Universiteit Leiden

nl en

Introducing: Dario Fazzi

Dario Fazzi works at the Institute for History as Assistant Professor. Although he's not completely new to the Institute, he recently received a permanent appointment. Below he introduces himself!

I always tell my students that my first name is spelled almost like “Mario,” but with the D instead of the M because my parents clearly did not like videogames enough. In this way, the students can grasp my country of origin – Italy indeed – and are immediately carried into an informal atmosphere that improves the quality of our common learning process. This is precisely what I like the most of being part of Leiden University’s Institute for History, the fact that creating a relaxed and yet generative environment in class is not difficult at all and students tend to appreciate it. It makes our job way easier and gratifying.

As a matter of fact, in spite of having started to work as an Assistant Professor in US History only in August 2021, I am not completely new to the Institute, nor to the Netherlands. I moved to this country ten years ago, when I joined as a postdoc what back then was the Roosevelt Study Center and now is the Roosevelt Institute for American Studies (RIAS), in Middelburg. I had just completed my PhD at the University of Bologna, where I specialized in post-1945 transatlantic history, and the prospect of moving to such a prestigious research center, working side by side with outstanding scholars was of course incredibly exciting. All the more so if one considers that all I had to do was to write my first book, which was on former US first lady and US diplomat Eleanor Roosevelt’s involvement in the anti-nuclear campaigns of the early cold war. The reality, then, definitely exceeded my expectations, and that experience helped me to grow both personally and professionally.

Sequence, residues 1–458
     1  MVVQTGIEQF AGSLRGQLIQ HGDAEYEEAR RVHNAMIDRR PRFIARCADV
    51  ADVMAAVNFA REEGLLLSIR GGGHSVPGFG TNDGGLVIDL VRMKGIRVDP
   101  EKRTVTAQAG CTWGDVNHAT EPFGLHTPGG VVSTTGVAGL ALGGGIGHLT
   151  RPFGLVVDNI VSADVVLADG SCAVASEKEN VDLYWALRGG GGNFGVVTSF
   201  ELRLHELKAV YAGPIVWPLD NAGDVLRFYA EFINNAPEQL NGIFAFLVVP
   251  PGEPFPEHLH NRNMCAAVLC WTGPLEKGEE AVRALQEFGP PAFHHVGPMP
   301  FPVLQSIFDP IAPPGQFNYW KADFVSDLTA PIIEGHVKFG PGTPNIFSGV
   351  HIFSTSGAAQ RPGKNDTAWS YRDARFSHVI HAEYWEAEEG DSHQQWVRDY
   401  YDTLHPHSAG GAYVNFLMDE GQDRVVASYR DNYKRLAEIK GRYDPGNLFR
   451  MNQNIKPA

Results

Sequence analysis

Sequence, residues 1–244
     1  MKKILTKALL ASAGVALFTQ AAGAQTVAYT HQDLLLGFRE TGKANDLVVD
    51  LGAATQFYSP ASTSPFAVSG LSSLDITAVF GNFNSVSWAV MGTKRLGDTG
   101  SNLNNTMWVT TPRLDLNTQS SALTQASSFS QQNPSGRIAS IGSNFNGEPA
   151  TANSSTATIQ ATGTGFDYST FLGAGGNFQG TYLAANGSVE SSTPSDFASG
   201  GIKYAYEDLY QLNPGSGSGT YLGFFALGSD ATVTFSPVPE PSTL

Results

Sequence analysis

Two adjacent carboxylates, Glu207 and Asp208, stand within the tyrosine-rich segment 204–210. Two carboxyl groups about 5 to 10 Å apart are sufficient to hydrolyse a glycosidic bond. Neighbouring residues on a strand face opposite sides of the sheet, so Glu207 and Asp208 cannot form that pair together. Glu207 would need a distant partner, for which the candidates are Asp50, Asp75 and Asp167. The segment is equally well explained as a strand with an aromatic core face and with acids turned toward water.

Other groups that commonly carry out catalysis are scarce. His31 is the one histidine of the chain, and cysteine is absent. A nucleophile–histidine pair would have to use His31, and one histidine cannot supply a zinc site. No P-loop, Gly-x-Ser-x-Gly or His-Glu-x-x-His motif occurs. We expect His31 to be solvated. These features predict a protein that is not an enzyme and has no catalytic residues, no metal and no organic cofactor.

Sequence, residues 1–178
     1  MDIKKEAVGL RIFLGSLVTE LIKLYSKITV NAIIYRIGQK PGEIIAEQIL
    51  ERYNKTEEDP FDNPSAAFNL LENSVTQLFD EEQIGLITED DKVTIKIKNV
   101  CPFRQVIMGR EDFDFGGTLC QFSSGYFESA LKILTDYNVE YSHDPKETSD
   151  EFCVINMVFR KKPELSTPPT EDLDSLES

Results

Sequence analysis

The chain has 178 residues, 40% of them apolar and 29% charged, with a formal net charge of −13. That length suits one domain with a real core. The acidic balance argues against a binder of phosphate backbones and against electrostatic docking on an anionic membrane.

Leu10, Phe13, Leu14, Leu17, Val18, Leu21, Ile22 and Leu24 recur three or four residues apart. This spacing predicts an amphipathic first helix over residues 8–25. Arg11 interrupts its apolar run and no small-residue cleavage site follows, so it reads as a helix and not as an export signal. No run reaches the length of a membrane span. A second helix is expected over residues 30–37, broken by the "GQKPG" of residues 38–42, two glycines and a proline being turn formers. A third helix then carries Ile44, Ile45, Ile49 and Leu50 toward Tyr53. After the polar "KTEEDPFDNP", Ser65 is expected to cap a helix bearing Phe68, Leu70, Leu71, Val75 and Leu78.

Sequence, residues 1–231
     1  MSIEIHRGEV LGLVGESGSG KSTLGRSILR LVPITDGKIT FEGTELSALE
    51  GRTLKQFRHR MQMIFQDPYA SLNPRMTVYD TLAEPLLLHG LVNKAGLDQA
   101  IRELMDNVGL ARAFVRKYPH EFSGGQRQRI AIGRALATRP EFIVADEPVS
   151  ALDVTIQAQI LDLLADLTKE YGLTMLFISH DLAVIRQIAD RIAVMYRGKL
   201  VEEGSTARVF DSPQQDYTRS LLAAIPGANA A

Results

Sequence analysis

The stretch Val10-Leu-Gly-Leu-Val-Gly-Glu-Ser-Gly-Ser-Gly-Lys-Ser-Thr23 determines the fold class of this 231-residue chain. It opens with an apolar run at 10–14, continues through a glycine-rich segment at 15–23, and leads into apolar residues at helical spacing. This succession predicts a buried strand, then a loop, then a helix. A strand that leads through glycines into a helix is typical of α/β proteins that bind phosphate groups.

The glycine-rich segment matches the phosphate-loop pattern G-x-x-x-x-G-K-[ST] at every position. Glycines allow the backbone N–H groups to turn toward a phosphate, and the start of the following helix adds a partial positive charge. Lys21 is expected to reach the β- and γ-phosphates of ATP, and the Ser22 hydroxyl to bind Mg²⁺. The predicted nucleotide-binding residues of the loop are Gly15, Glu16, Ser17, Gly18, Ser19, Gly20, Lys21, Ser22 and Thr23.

When I joined the Institute, last summer, I was about to finalize the research for my second book, which is about a controversial method for the disposal of hazardous chemical waste that was invented in the US, commercialized by Dutch companies, and eventually phased out due to a mounting wave of environmental protests. This project, which has led me to explore the overlaps between social history, political history, oceanography, chemistry, economics, and public policy, has exposed me to the relevance of the seas in the making of our contemporary worlds and has led me to rethink of transatlantic and cross-cultural exchanges through the constant mediation of our planet’s waters. It has been a very interesting intellectual journey into what is nowadays called Blue Humanities, and it has allowed me to combine my previous expertise with new narratives on environmental justice and environmental democracy.

The writing of this manuscript, however, has been quite challenging, mostly due to the fact that I have been doing it during the unfolding of a global pandemic. The Covid outbreak has meant for all of us a completely different approach to our jobs and agendas. Balancing private and professional life, especially as a parent of a five-year-old boy, has not been an easy task. Luckily, the infection has not hit hard any of my family members or close friends, so I have been able to enjoy some of the positive implications of it. In fact, I have been spending several hours playing, running, watching TV, and doing with my son all the stuff that children like to do. This sort of frozen time gave me the unique and irreplaceable opportunity to watch him grow, day after day, and become smart, perfectly bilingual, joyful, and playful as any child should indeed be. Writing after he went to bed became my favorite activity of the day – a few hours of splendid isolation and well-deserved absorption into my own world. Of course, I missed social life, the contacts with my colleagues and friends – and the time to watch a few Netflix series too. But all in all, I managed to stay safe and be productive. Now I would really like to go back to some more in-person engagements, also because I am afraid that soon my son won’t like to spend so much time with me anymore, and rightly so.

PS: PM me for the best tiramisu recipe ever!

This website uses cookies.  More information.